Who says empires are bad? The multi-ethnic Ottoman Turkish Empire, like the coeval multi-ethnic Hapsburg Austrian one, was more hospitable to minorities than the uni-ethnic democratic states that immediately succeeded it. The Ottoman caliphate welcomed Turkish, Kurdish, and other Muslims with open arms, and tolerated Christian Armenians and Jews. The secular-minded, modernizing "Young Turk" politicians who brought down the empire did not. They used Kurds as subcontractors in a full-scale assault on Armenians, which scholars now argue about calling genocide. Ottoman toleration was built on territorial indifference. Because the same loosely administered imperial rule extended from the Balkans to Mesopotamia, and as far south as Yemen, minorities could live anywhere within this space without provoking issues of sovereignty. Violent discussions over what group got to control which territory emerged only when the empire came to an end, after World War I.
The collapse of the Ottoman sultanate continues to haunt geopolitics: it gave birth to questions about the territorial status of Christians in Lebanon and of Jews in Palestine, and about whether Kurds north of Baghdad should live in the same polity as Mesopotamian Arabs to the south. Moreover, it changed the direction of Muslim thought. For 850 years—from 1071, when the Seljuks defeated the Byzantines at Manzikert, in eastern Anatolia, to the end of World War I—the House of Islam had drawn its spiritual direction from Turkey, not from Arabia or Iran. But with the official abolition of the Constantinople-based caliphate, in 1924, there was no longer any universally accepted authority for the interpretation of Muslim law. In the competition for doctrinal legitimacy that has followed, the most radical interpretations have won out.
Within Asia Minor itself, anarchy and invasion following the Great War led to the emergence of Mustafa Kemal Atatürk's fiercely secularist regime, which delivered stability and a pro-Western orientation, but at a significant cost. The cost was a militarized state and the suppression of Islam—under which the Anatolian peasantry and working class increasingly chafed. Democracy developed late and anemically, leading to ineffectual minority governments. Because Turkish politicians assumed that the military would always rescue them in the lurch, at a subliminal level they never felt the need to act responsibly—and so they didn't.
The first break in this dreary chronicle was the election of Turgut Ozal to the prime ministership, in 1983. Ozal was a wily politician from the heartland of Asia Minor who shared the deep religiosity and crass nouveau riche tastes of many Turks. He loved to read the Koran and watch soap operas, to bang his head against the carpet in a Sufi mosque and go to Texas barbecues. He restored religion to Turkey's political space without threatening the country's pro-Western orientation or its tendency toward tolerance. He gradually wrested control over foreign policy away from the military—a healthy thing for an elected politician to do. By the early 1990s he was veering toward a neo-Ottomanism that would have effected a grand compromise with the Kurds, based on the Islamic faith that Turks and Kurds had in common. But Ozal died suddenly of a heart attack in 1993. It was said that he ate himself to death, just as Atatürk had drunk himself to death.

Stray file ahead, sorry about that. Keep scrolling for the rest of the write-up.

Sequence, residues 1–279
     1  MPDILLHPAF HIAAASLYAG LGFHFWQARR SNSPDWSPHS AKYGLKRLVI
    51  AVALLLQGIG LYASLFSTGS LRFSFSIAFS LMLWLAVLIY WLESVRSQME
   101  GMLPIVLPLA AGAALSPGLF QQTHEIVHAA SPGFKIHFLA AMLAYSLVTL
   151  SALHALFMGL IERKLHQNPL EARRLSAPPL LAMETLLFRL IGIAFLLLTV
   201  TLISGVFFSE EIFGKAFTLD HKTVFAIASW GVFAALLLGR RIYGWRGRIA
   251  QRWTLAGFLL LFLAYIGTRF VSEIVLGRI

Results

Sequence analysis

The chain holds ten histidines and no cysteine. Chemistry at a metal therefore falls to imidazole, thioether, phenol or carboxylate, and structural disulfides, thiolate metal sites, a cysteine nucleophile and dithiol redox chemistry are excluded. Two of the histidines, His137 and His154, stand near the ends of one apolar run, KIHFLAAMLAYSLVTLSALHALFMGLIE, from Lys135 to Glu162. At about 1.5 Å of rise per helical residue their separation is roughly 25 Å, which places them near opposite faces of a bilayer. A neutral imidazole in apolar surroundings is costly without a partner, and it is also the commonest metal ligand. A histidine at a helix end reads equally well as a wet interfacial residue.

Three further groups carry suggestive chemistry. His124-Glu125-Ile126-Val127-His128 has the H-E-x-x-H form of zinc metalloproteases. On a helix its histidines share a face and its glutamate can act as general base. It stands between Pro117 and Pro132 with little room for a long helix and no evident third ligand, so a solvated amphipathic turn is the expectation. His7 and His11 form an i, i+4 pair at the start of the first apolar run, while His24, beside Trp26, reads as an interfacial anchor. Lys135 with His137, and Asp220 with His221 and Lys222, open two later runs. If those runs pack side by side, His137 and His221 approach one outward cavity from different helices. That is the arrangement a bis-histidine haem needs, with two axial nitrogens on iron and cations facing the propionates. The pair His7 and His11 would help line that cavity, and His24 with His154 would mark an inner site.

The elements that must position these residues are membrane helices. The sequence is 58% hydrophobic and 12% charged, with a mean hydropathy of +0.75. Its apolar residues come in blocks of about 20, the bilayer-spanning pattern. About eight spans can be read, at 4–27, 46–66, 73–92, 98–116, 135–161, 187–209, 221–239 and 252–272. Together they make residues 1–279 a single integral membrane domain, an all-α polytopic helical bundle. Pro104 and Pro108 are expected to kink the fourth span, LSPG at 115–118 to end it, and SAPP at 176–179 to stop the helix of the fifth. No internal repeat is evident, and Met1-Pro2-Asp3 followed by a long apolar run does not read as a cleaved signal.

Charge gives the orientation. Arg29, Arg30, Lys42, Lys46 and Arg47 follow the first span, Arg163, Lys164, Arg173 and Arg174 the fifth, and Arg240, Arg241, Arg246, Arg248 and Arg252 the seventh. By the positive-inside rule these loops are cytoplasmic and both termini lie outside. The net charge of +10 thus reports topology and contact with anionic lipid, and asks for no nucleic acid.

Because Turkey, like Tunisia, is a real state and not (like so many other places in the Middle East, Iraq included) just a geographical figure of speech, things don't collapse there; they simply go lugubriously downhill. The corruption and irresponsibility of lackluster, forgettable politicians became so extreme in the late 1990s that the military re-emerged in the guise of a National Security Council, which engineered, in stages, what became known as a soft coup. One analyst told me at the time, speaking of the council's meetings, "The generals bring thick dossiers from which to lecture, and the civilian cabinet ministers come as tourists to listen."
At the same time, something began to happen within Turkey's Islamic movement. A group of disciples parted ways with Necmettin Erbakan, their longtime mentor and the grand old man of Turkish Islam. Erbakan's movement had been involved in the hurly-burly of party politics for decades, and was thus intrinsically more Westernized than its counterparts in the Arab world. Nevertheless, Erbakan's visits to Libya and Iran, and his support for a religious school system that would have churned out Muslim firebrands, alienated him from the mass of middle-class voters. And so in 2001 the Justice and Development Party came into being. Its leader was one Recep Tayyip Erdogan, a politician in his forties who grew up poor in Kasimpasha, one of Istanbul's most notoriously crime-infested districts. Erdogan spoke no foreign languages. His wife wore a headscarf. He was hopelessly unsophisticated by the standards of Turkey's Europeanized ruling class. Yet he was a skilled politician, armed with a management degree, who had been a popular mayor of Istanbul in the mid-1990s, adroit at improving utilities, cleaning the streets, and making municipal authorities more accessible through telephone hotlines.